Although four stroke outboards have been sold since the late 1920s, particulalrly Roness and Sharland, in 1962 Homelite introduced a commercially viable four cycle outboard a 55 horsepower motor, based on the 4 cylinder Crossley automobile engine. This was called the Bearcat that was later purchased by Fischer-Pierce who are the makers of Boston Whaler for use in their boats because of their technical superiority and efficiency over two strokes. In the early 1980s Honda Motor Co. introduced its first four-stroke powerhead. In 1984, Yamaha introduced their first four-stroke powerhead. These motors were only available in the smaller hp range. In 1990 Honda released 35 hp and 45 hp four-stroke models. They continued to lead in the development of four-stroke engines throughout the 1990s as US and European exhaust emissions regulations such as CARB (California Air Resources Board) led to the proliferation of four-stroke outboards. At first, North American manufacturers such as Mercury and OMC used engine technology from Japanese manufacturers such as Yamaha and Suzuki until they were able to develop their own four-stroke engine. The inherent advantages of four-stroke motors included: noise reduction, increase fuel economy, low end torque, and smoother operation.
Honda Marine Group, Mercury Marine, Mercury Racing, Nissan Marine, Suzuki Marine, Tohatsu Outboards, Yamaha Marine, and China Oshen-Hyfong marine have all developed new four-stroke engines. Some are carburetted, usually the smaller engines. The balance are electronically fuel-injected. Depending on the manufacturer, newer engines benefit from advanced technology such as multiple valves per cylinder, variable camshaft timing (Honda's VTEC), boosted low end torque (Honda's BLAST), 3-way cooling systems, and closed loop fuel injection. Mercury Verado four-strokes are unique in that they are supercharged.
Mercury Marine, Mercury Racing, Tohatsu, Yamaha Marine, Nissan and Evinrude each developed computer-controlled direct-injected two-stroke engines. Each brand boasts a different method of DI.
Fuel economy on both direct injected and four-stroke outboards measures from a 10 percent to 80 percent improvement, compared with conventional two-strokes. Depending on rpm and load at cruising speeds, figure on about a 30 percent mileage improvement.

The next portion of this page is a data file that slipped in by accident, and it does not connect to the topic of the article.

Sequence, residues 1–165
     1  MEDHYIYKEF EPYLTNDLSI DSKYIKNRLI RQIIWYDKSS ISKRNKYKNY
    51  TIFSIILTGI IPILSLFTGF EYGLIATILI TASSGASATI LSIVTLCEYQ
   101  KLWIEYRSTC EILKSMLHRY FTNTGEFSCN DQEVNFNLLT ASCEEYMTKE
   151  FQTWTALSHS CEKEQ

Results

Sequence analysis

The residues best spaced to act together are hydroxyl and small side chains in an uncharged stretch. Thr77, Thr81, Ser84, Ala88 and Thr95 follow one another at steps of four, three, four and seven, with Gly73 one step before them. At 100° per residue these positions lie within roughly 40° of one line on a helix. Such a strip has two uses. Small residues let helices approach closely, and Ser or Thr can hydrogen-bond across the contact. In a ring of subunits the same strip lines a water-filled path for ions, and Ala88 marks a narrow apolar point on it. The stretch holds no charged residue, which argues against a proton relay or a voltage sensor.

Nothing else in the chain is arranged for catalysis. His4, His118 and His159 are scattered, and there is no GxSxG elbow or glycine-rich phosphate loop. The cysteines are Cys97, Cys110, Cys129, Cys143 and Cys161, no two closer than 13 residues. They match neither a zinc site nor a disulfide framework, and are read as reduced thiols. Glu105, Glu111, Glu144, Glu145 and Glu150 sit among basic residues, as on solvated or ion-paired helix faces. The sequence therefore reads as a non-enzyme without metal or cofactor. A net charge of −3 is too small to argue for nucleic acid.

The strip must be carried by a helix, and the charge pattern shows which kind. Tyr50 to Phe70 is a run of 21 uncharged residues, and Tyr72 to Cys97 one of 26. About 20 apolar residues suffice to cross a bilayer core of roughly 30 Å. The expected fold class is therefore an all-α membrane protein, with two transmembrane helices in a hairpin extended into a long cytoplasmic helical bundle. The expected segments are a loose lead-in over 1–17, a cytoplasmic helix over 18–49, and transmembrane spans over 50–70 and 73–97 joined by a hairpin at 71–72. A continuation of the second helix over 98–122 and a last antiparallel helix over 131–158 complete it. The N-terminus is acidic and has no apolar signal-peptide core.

Outboard motor selection
It is important to select a motor that is a good match for the hull in terms of power and shaft length.
Overpowering is a dangerous condition and underpowering often results in a boat that is incapable of performing in the role for which it was acquired. Boats built in the U.S. have a Coast Guard Rating Plate which specifies the maximum recommended horsepower for the hull. A motor with less than 75% of the maximum will most likely result in unsatisfactory performance.
Outboard motor shaft lengths are standardized to fit 15-inch, 20-inch and 25-inch transoms. If the shaft is too long it will extend farther into the water than necessary creating drag, which will impair performance and fuel economy. If the shaft is too short, the motor will be prone to ventilation. Even worse, if the water intake ports on the lower unit are not sufficiently submerged, engine overheating is likely, which can result in severe damages.
Motor mounting height
Motor height on the transom is an important factor in achieving optimal performance. The motor should be as high as possible without ventilating or loss of water pressure. This minimizes the effect of hydrodynamic drag while underway, allowing for greater speed. Generally, the antiventilation plate should be about the same height as, or up to two inches higher than, the keel, with the motor in neutral trim.
Trim is the angle of the motor in relation to the hull, as illustrated below. The ideal trim angle is the one in which the boat rides level, with most of the hull on the surface instead of plowing through the water.
If the motor is trimmed out too far, the bow will ride too high in the water. With too little trim, the bow rides too low. The optimal trim setting will vary depending on many factors including speed, hull design, weight and balance, and conditions on the water (wind and waves). Many large outboards are equipped with power trim, an electric motor on the mounting bracket, with a switch at the helm that enables the operator to adjust the trim angle on the fly. In this case, the motor should be trimmed fully in to start, and trimmed out (with an eye on the tachometer) as the boat gains momentum, until it reaches the point just before ventilation begins or further trim adjustment results in an RPM increase with no increase in speed. Motors not equipped with power trim are manually adjustable using a pin called a topper tilt lock.